The national coordinator of Mexico’s battle against organized crime was slain Thursday by an assassin hiding in his home in what appeared to be the latest revenge killing by one of the country’s most notorious drug cartels, reports the Los Angeles Times. Edgar Millan Gomez, 41, was the third leading federal security official to be killed in Mexico City in a week. Police sources said the so-called Sinaloa cartel was behind the attack on Millan Gomez, the nation’s third-ranking police official and acting director since April 1 of the Federal Preventive Police, an elite, 22,000-member force.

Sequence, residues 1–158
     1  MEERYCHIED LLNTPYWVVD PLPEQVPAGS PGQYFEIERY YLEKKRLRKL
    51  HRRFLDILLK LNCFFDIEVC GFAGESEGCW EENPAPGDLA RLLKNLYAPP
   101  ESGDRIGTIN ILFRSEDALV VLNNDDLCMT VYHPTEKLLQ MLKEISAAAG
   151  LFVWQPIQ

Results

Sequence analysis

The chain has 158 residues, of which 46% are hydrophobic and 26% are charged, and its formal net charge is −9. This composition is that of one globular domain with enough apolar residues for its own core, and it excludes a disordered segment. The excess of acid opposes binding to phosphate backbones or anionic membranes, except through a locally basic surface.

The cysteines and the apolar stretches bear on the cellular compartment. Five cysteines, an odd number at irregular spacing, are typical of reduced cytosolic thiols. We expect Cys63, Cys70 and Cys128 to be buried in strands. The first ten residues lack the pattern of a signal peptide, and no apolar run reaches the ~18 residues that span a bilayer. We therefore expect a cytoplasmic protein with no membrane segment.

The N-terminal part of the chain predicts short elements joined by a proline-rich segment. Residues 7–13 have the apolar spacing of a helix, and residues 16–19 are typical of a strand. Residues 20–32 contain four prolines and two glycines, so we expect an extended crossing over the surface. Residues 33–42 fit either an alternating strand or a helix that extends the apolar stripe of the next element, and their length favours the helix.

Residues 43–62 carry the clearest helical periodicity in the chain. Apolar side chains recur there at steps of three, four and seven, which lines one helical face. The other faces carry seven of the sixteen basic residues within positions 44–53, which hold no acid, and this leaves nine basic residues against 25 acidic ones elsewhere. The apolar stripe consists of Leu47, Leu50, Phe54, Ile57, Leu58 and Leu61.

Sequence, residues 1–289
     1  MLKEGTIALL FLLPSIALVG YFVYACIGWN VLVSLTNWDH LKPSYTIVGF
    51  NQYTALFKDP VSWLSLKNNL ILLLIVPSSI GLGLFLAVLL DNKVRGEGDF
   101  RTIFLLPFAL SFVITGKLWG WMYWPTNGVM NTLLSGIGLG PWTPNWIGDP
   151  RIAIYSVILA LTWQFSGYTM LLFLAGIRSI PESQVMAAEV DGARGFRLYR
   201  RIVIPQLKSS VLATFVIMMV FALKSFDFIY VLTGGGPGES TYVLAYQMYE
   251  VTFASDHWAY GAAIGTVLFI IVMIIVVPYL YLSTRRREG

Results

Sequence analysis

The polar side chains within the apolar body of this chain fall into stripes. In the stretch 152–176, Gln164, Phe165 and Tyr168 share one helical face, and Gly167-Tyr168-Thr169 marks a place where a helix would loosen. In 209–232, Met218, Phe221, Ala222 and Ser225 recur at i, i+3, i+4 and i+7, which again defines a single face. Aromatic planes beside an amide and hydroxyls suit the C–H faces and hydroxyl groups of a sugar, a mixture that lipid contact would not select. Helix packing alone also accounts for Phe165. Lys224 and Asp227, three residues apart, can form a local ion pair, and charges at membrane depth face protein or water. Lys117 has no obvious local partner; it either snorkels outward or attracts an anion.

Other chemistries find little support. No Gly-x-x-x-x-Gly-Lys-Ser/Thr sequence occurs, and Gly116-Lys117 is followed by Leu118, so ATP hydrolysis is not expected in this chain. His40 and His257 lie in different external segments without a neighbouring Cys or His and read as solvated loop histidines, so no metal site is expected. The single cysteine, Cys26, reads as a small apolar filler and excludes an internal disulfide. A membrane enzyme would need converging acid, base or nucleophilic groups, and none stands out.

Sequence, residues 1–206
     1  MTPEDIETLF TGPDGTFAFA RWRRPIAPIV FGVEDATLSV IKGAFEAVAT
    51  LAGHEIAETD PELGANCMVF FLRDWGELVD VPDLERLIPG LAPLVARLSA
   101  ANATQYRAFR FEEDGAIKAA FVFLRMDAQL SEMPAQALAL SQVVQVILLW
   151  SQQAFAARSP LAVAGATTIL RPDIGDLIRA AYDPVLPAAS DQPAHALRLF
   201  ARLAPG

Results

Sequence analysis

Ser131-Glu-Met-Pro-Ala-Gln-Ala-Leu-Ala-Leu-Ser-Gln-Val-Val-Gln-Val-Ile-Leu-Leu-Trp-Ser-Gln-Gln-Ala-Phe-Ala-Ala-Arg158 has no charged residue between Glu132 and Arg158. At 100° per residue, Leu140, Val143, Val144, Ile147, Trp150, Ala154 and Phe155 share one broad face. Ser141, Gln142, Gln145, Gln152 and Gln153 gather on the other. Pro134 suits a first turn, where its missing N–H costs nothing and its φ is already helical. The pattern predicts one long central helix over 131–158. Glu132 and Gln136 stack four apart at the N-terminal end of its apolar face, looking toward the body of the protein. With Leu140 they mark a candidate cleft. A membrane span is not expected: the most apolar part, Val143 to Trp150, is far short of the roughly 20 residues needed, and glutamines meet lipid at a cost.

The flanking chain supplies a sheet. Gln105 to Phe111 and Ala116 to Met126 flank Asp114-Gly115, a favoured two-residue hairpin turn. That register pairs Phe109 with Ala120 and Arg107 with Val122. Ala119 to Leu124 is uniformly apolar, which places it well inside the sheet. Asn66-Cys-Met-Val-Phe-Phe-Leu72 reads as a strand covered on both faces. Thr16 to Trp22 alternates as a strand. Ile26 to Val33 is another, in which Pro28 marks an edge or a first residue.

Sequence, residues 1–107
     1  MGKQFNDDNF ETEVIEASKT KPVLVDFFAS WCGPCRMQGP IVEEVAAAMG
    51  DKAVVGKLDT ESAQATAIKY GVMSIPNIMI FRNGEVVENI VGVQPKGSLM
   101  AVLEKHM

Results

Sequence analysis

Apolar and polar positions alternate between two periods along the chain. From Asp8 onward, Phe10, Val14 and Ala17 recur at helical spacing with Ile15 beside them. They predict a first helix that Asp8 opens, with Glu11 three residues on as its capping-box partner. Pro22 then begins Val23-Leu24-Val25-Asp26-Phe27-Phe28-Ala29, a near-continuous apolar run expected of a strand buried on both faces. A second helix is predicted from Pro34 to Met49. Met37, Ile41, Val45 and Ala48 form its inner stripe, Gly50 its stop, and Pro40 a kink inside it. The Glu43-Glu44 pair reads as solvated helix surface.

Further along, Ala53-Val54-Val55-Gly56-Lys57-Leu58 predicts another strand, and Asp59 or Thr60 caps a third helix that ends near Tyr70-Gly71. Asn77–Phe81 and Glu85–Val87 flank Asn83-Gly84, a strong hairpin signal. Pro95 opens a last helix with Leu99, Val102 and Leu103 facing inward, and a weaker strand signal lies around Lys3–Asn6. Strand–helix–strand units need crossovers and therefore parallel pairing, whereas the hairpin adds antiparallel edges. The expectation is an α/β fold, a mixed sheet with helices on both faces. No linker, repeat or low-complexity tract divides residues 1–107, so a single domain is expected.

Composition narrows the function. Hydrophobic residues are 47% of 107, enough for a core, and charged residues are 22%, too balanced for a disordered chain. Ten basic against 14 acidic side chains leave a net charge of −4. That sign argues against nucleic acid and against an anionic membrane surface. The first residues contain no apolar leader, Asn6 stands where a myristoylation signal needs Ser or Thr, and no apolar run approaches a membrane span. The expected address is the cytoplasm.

The Sinaloa cartel is one of several organized-crime groups that have grown rich transporting Colombian cocaine, locally manufactured methamphetamine and other illicit drugs to the United States. The assassination came a week after Millan Gomez held a news conference in the capital of Sinaloa state to announce the arrests of a dozen suspected cartel hit men. His killing is a dramatic escalation in the drug war, analysts said, and a clear indication that the Sinaloa-based traffickers have been hit hard by recent government raids and arrests. Seven mid-ranking federal police officials have been killed in the last month. Like Millan Gomez, they were linked to recent actions against drug traffickers. In all, more than 1,000 people have died this year in violence related to organized crime, according to tallies kept by Mexican news media. Federal officials estimate that 2,500 people were killed last year.